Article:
High Water Slack

Naselle-Grays River Valley School

Every year about this time, the Pacific County Historical Society (headquarters: South Bend) holds its annual meeting in Naselle.  The gathering is always timed to coincide with the American Legion Auxiliary Smorgasbord – a fabulous array of main dishes and desserts with, as you might expect, a distinctive Finnish emphasis.  The luncheon is served, cafeteria-style, in the Commons at the Naselle-Grays River Valley School and the PCHS meeting takes place just down the hall.

We went with our neighbors Carol and Tucker, or rather they went with us.  Nyel drove and, in typical old folks’ double-date style, Tucker rode shotgun and Carol and I were in the back seat.  We drove the river way – through Chinook, past the Columbia River Quarantine Station and into Naselle.  Carol and Tucker had never been on the school campus before and they seemed properly impressed at its size and layout.

Quarantine Station at Kanpton

Quarantine Station at Knappton Cove

The guest speaker at the PCHS meeting was Betsy Millard, Director of the Columbia Pacific Heritage Museum (headquarters: Ilwaco) and the audience was comprised of history buffs from both sides of the bay, many of them members of both PCHS and CPHM.  I couldn’t help thinking back to the 1980s when CPHM was just beginning and how we all wondered how if our little county could sort out having two museums devoted to local history.  Although there were rocky spots along the way, thanks to the professionalism and leadership of both organizations, they continue to support and bolster one another.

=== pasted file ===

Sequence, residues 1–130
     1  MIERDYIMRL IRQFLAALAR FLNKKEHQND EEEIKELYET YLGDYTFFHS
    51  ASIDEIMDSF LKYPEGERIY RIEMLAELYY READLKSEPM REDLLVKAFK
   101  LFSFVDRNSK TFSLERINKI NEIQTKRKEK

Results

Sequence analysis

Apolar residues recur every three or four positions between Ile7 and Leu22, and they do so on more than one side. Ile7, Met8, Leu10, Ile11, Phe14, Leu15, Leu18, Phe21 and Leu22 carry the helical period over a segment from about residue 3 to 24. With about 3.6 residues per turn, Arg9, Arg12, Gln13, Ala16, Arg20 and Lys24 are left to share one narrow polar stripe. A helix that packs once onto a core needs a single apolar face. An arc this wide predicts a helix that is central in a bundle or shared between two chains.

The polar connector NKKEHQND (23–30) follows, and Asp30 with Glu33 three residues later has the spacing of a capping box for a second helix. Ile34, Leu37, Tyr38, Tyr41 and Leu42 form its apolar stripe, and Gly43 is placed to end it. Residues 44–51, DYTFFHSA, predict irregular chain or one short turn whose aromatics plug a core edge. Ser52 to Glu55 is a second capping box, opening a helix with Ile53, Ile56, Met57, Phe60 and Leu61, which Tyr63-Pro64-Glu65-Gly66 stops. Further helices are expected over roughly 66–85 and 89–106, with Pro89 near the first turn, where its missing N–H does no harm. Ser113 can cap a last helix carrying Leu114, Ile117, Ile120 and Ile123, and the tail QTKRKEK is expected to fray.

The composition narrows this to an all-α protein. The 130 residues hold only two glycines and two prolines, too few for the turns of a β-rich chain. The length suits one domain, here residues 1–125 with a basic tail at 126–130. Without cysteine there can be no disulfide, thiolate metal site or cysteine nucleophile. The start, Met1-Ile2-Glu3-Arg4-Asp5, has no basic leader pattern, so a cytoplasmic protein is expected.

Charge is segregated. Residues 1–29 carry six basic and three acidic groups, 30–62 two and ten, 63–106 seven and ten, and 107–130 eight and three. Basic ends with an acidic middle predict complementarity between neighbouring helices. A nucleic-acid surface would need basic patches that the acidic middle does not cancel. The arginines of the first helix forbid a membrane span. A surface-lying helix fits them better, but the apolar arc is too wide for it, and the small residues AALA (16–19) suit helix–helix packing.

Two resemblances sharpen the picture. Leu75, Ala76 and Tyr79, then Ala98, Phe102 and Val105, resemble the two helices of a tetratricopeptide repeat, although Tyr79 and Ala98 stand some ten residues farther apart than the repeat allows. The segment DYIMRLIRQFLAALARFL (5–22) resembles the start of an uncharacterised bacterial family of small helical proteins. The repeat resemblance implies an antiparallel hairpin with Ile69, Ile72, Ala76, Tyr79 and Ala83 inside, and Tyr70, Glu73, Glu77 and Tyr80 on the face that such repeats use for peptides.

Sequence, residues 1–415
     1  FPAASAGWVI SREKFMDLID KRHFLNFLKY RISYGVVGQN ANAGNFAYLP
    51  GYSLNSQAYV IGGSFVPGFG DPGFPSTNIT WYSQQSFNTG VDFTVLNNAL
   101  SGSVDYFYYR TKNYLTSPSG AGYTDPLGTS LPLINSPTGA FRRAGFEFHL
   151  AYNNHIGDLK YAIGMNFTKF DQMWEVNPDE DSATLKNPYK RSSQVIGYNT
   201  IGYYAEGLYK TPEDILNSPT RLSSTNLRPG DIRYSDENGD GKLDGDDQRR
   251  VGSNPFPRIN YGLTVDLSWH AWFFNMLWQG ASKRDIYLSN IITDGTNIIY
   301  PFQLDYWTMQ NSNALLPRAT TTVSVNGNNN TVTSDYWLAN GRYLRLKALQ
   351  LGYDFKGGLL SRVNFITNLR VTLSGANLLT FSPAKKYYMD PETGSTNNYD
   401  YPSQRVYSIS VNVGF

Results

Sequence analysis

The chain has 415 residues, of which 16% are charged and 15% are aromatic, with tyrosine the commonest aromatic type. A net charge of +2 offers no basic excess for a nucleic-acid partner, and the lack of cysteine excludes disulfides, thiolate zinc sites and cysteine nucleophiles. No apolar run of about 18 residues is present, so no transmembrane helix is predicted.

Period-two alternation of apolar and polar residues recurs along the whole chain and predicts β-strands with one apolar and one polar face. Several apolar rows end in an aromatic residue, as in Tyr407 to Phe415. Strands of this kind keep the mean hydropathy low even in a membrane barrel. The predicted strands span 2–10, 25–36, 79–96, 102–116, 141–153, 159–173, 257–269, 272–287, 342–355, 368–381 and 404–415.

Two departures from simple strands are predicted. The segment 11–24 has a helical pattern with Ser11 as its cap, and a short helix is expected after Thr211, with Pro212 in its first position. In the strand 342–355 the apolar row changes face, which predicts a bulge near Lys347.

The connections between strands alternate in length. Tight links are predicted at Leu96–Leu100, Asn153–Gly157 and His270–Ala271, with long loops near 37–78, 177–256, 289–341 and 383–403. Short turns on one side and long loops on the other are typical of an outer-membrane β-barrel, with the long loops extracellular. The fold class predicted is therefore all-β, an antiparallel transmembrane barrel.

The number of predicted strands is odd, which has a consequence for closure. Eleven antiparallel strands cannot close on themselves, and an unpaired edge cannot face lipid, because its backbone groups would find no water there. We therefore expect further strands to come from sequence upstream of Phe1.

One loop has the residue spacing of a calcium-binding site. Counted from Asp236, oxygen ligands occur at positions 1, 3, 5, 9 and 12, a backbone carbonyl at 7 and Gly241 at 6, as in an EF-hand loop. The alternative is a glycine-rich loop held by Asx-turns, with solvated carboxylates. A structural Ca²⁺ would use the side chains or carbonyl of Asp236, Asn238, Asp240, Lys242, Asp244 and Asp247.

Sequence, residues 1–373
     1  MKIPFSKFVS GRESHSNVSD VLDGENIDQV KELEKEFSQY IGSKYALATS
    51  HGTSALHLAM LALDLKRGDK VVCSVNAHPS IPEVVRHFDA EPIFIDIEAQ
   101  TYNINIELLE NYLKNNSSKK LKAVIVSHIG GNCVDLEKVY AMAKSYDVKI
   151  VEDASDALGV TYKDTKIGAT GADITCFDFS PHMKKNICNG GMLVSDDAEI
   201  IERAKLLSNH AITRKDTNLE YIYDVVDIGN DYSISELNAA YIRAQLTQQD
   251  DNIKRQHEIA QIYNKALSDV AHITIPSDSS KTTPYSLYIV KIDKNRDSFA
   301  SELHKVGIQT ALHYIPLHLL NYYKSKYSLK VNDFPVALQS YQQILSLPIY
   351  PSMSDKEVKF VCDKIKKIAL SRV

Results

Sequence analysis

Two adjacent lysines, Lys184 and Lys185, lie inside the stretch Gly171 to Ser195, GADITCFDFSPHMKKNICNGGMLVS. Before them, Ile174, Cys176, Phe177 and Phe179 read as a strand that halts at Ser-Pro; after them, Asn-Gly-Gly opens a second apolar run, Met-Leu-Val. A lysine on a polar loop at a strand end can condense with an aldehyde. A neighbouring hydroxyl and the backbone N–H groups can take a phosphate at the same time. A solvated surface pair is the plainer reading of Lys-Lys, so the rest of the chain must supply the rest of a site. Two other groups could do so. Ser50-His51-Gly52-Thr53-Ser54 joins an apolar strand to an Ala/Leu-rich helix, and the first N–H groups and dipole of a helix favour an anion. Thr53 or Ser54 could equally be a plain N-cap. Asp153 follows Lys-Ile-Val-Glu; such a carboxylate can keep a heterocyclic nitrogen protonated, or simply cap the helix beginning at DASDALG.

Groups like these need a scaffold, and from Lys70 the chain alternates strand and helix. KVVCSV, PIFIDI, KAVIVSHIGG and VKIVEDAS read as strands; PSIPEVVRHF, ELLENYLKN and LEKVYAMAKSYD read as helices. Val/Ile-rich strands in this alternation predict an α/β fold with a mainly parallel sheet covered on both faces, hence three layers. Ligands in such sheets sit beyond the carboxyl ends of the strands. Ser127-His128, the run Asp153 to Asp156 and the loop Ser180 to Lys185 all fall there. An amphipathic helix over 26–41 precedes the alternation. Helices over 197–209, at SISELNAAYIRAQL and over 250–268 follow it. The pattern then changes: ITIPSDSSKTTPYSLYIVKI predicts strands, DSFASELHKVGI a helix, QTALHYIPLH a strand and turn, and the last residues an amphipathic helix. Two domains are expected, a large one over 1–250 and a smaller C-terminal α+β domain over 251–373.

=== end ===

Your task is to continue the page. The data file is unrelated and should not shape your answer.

Betsy’s talk was grand – complete with a power point accompaniment and sprinkled throughout with mentions of people who happened to be in the audience – giving kudos and credits to their contributions over the years. I couldn’t help but think about the dynamic quality of both organizations – of the ebb and flow of energy and commitment by the volunteers and staffs and how, right now, there seems to be a feeling of forward movement, collections and organization-wise, on both sides of the bay.

Point Ellice from Megler Rest Stop

On our way home, the river looked full.  And quiet.  I wondered if it was high water slack – that time when there is no movement either way in the tidal stream occurring right before the direction of the tidal stream reverses – “a time when the water is completely unstressed” says one dictionary definition. Sort of like the feeling between CPHM and PCHS – a kind of détente.  Like river and ocean, each organization is on the move but where they meet is a place of calm.  For the moment in the case of the Pacific and the Columbia and for the duration, I hope, in the case of our repositories of county history.  Probably a dumb analogy, but there you have it…  I probably just like the sound of “high water slack.”

One Response to “High Water Slack”

  1. Rosemary Hickman says:

    Ummm, that would be the “Columbia Pacific Heritage Museum”. Sorry I missed hearing Betsy speak.

    [Reply]

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